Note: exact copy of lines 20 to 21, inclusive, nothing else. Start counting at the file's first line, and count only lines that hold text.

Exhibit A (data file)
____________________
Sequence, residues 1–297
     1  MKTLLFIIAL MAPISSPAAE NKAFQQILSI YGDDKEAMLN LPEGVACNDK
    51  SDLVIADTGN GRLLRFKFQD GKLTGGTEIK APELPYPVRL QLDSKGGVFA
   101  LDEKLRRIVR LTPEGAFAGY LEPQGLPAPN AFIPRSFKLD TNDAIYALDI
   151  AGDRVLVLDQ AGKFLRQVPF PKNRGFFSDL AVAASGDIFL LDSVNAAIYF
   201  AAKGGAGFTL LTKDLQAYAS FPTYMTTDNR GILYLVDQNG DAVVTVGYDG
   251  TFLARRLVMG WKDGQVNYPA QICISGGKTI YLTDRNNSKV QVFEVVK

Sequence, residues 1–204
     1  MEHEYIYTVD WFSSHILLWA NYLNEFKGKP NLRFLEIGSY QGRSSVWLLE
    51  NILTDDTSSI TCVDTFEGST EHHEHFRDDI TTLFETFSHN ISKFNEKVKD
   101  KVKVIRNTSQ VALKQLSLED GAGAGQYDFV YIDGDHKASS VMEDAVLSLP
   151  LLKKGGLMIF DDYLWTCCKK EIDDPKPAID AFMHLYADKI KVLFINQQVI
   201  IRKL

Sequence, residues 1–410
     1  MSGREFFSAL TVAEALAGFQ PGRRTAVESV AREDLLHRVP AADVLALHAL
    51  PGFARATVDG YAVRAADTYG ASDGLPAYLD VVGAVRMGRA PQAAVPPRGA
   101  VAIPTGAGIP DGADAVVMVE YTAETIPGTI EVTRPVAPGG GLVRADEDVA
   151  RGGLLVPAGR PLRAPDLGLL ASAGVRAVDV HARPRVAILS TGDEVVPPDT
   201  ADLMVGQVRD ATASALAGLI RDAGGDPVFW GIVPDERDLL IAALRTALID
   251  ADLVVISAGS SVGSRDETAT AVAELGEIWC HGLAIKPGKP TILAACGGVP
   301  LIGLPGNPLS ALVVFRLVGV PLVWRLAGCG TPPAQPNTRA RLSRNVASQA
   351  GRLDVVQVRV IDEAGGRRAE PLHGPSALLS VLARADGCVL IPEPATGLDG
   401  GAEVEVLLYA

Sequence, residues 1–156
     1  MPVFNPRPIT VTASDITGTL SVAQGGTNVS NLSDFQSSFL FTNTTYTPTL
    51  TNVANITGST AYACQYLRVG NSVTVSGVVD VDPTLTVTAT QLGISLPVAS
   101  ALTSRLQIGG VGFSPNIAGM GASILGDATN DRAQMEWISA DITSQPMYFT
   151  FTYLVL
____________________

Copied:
   251  ADLVVISAGS SVGSRDETAT AVAELGEIWC HGLAIKPGKP TILAACGGVP
   301  LIGLPGNPLS ALVVFRLVGV PLVWRLAGCG TPPAQPNTRA RLSRNVASQA